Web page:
Wednesday at the movies

I hope your week is going well. I had an afternoon to myself, so I saw a movie my wife would pass on – “Vice.” The movie defines the Vics Presidency of Dick Cheney as one where he had more control of the country than his boss.

Christian Bale plays Cheney quite well to the extent it is hard to believe that is Bale underneath the weight gain and loss of hair. The movie is similar in style to “The Big Short,” so it has several asides to explain things. Amy Adams is highly commendable as his wife Lynne Cheney. I would give it a thumbs up, but I must confess it is a little unnerving.

Last year, we caught a few other movies that are also getting some Oscar buzz. Our favorite movie is “Green Book.” Viggp Mortenson plays a chauffeur hired as security to transport around the pre-Civil Rights era South an African-American concert pianist played by Mahershala Ali.

We also saw “Bohemian Rhapsody” about the life of Freddie Mercury and Queen. Rami Malek plays Mercury and Gwilym Lee plays the talented guitarist Brian May. It is quite entertaining and worth a look if only to learn more about Mercury and see the behind the scenes interplay of the band.

“A Star is Born,” is my favorite of the two versions of the same movie I have seen. Bradley Cooper brings a great deal to the role of the aging rock star with demons. Lady Gaga is sensational in her first acting role and her scenes on stage with Cooper are moving.

We also saw “First Man” where Ryan Gosling plays astronaut Neil Armstrong. The movie is good, but it does not get quite the buzz as the others. Armstrong was a duty-bound and sober man, so playing him straight-up does not offer a lot of drama outside of the challenge of the mission.

Finally, we saw the movie “Black Klansman” about the true story of Ron Stalworth, an African-American policeman who joined the KKK. Stalworth is admirably played by John David Washington. Adam Driver plays his Jewish white partner who attends the meetings as Stalworth’s avatar. It is a moving story with a brief history lesson that is unfortunately still alive today.

What movies have you seen that you rank highly? What do you think of any of the above?

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Sunday sermonettes redux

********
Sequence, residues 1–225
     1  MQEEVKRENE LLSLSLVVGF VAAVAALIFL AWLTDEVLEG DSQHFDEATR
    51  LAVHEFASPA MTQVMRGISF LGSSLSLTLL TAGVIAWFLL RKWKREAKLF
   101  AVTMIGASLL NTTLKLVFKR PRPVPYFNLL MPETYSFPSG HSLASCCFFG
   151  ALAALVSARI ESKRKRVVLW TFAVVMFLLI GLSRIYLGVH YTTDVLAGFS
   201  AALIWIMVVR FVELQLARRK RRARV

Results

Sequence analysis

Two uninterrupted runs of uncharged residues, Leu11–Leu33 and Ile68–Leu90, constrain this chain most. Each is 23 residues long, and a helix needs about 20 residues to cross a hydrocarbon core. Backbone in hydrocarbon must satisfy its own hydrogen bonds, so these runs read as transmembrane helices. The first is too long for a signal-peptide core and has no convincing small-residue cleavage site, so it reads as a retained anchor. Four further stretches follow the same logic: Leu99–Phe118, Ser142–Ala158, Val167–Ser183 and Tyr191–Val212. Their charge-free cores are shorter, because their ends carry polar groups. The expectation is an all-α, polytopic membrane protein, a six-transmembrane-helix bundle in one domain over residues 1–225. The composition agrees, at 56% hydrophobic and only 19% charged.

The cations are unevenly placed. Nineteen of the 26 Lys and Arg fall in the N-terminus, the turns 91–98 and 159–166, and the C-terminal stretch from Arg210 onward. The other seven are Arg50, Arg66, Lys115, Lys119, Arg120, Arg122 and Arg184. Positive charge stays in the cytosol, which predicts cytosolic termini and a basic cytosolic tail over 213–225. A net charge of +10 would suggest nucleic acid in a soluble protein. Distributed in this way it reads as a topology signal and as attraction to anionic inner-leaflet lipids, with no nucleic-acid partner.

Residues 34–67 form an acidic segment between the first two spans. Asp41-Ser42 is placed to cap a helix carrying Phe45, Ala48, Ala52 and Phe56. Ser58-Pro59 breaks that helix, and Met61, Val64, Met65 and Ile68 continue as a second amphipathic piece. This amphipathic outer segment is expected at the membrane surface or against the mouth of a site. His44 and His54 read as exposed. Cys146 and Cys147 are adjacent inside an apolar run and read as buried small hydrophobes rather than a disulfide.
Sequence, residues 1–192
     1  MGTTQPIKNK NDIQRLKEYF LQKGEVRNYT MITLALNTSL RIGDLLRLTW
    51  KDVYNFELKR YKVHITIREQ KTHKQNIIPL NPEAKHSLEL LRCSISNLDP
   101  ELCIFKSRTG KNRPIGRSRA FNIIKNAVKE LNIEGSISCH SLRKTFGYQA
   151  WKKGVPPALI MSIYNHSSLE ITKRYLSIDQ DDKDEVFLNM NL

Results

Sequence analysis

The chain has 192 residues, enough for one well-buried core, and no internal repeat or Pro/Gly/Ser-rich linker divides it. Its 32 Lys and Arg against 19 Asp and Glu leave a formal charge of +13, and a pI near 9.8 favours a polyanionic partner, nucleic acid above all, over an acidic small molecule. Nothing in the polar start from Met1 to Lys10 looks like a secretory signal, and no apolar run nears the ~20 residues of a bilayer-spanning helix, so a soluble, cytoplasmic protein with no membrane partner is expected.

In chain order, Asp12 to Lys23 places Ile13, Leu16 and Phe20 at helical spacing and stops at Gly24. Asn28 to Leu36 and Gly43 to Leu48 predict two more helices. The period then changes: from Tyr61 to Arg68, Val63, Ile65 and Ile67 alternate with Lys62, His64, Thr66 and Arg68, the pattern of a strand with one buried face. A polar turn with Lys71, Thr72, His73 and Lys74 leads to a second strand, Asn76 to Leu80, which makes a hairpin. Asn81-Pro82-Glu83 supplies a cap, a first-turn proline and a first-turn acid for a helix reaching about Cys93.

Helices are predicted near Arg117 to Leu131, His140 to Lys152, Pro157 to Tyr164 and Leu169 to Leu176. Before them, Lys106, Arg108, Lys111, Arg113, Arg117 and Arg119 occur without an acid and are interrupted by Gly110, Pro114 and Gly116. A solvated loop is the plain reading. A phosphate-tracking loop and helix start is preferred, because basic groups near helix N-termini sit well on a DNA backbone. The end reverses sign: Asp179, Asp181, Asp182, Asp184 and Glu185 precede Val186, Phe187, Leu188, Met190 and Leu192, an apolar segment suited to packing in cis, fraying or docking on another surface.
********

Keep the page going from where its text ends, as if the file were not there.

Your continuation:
Good Sunday morning everyone. It is a rainy morning here. Here are a few little sermonettes on this Sunday morning.

A favorite mantra of mine is “don’t mistake kindness for weakness.” This weekend, the embodiment of that mantra passed away, former President George H.W. Bush. A key lesson for many today, toughness is not correlated with a false bravado. If someone has to tell you how tough or how smart he is, my advice would be to look under the hood.

With the G20 conference now ended, what stood out to me is the giddy handshake/ hug between MSB and Putin. To me it was due to them both being in on a joke. They have gotten away with doing their own thing and having something on the current US President. Both know that the US President has business ties in each country with a goal to leverage his candidacy and presidency to do even more. So, they both feel a level of impunity. Note to all, when leaders squash human rights or look the other way when violated, that is when Jesus crires. If you are not religious, that is when our parents cry.

Yesterday, I watched the terrific movie “Bohemian Rhapsody” about Queen and Freddie Mercury’s rise to fame and impact. It is very entertaining and even emotional. A key premise is how Mercury defined the group to a record producer, ironically played by Michael Myers. He said we are a family of misfits playing to the misfits in the final row. I like this. This group’s family chemistry is a key thread to the movie, which I won’t spoil here. Do go see even if it is just for the music.

So, to wrap up these sermonettes, kindness is important, human rights are important and family in whatever form is important.